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Through a discursive analysis of the strategies users employ to construct their own identities , and the identities of their desired partners, I argue that identity categories marked as masculine and hunky (sawayaka) are privileged as more desirable than feminine and cute (kawaii) identities.Through this analysis, I suggest that users of this particular forum appear to valorise heteronormative masculinity, which they link to being hunky.

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Furthermore, users with long-term desires utilised various temporal strategies in order to overcome the perceived social norm of immediacy.

These findings suggest that users’ perceptions of temporality affect their linguistic strategies more saliently than the technological medium of the site itself, highlighting the importance of engaging with social approaches to the examination of CMC.

I juxtapose the Chinese and South Korean men’s narratives with the voices of Japanese gay men who ambivalently position Chinese and South Korean tourists as a threat to the status quo of the Japanese gay sub-culture.

I suggest that these men draw upon neo-colonial discourses of China and South Korea as “backward” which circulate throughout wider Japanese society to position Chinese and South Korean men as “ethnosexual invaders.”Although there has been a wealth of studies which have examined the discourses of masculinity and sexuality appearing within homoerotic manga marketed towards young girls and women known alternatively as yaoi, Boys Love or shōnen ai (in the West), there has been very little scholarly attention paid to the homoerotic genre known as bara, which is marketed towards homosexual men.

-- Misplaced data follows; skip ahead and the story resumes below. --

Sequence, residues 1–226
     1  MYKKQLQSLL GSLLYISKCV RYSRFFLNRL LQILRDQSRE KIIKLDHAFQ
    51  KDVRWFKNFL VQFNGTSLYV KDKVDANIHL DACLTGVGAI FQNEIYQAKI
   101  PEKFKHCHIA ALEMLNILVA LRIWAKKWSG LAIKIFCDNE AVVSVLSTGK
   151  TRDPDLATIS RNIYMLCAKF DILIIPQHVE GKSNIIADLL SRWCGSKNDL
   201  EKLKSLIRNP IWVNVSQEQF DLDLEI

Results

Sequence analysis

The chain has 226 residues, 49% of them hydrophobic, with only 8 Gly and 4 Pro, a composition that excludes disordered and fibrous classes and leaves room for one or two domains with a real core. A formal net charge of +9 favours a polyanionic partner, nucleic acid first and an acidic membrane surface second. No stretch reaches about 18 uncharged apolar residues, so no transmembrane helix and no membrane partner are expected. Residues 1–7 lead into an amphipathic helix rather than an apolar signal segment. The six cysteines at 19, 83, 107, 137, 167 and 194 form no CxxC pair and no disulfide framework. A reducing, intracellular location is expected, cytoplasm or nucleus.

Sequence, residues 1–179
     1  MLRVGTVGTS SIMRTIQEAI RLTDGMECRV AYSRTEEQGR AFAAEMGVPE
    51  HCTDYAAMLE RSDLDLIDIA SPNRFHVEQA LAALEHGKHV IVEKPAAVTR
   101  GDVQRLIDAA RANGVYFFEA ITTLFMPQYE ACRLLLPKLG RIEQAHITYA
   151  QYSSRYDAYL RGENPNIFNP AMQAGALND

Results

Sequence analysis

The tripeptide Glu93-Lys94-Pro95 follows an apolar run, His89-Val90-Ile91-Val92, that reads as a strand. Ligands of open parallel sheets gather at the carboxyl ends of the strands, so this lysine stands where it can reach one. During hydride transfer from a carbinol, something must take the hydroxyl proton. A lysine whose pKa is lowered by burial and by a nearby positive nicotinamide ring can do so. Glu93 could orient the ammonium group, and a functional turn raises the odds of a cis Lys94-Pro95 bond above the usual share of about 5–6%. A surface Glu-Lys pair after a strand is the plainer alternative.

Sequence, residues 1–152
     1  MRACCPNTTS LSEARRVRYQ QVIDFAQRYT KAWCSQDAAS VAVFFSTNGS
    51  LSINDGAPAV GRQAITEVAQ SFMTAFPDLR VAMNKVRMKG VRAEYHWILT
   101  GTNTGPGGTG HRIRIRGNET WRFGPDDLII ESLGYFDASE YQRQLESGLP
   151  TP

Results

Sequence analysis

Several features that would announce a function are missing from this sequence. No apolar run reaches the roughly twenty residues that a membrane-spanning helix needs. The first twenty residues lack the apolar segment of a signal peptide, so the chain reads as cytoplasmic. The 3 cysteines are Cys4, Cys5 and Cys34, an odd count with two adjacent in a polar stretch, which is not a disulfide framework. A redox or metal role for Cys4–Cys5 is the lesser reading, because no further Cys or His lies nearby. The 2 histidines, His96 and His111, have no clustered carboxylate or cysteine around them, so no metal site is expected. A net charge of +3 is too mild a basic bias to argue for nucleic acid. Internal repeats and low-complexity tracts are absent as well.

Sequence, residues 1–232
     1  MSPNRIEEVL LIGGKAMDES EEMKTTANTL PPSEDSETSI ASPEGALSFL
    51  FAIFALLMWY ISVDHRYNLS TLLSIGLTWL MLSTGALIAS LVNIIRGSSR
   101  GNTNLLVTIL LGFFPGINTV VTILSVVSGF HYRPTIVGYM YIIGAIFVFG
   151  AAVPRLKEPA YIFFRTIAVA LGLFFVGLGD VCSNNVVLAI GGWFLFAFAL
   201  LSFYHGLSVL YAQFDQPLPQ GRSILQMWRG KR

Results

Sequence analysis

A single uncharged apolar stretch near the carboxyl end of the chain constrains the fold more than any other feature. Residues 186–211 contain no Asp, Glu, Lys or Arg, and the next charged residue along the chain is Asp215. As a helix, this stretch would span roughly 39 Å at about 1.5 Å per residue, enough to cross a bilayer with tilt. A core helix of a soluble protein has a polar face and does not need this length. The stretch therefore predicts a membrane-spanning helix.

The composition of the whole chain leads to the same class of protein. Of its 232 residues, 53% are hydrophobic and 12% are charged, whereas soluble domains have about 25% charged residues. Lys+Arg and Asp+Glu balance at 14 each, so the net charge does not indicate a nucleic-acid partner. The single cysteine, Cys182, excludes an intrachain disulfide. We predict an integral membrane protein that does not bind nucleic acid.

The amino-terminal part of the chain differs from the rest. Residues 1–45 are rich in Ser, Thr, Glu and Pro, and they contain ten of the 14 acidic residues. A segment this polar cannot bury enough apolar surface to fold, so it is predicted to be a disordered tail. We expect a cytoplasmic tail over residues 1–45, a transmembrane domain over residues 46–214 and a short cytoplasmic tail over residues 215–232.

Furthermore, I argue that being cute is considered undesirable due to its perception as transgressing normative masculine gendered traits.

Shinjuku Ni-chōme (an area in central Tokyo) contains the highest concentration of queer establishments in the world, with some estimates suggesting that there are approximately 300 gay male bars within its confines.

This xenophobia has pervaded many aspects of Japanese society, and the gay male community in Tokyo’s Shinjuku Ni-chōme is no exception.

Drawing upon an ethnographic study of Ni-chōme and interviews conducted with Japanese, Chinese and South Korean men, this article utilises Nagel’s theory of the ethnosexual frontier to examine how certain racial identities are rendered illegitimate in Ni-chōme.

Each of these bars targets a specific subset of the Japanese gay community, with bars coming to be associated with semiotic structures indexing certain subjectivities (known as Types).

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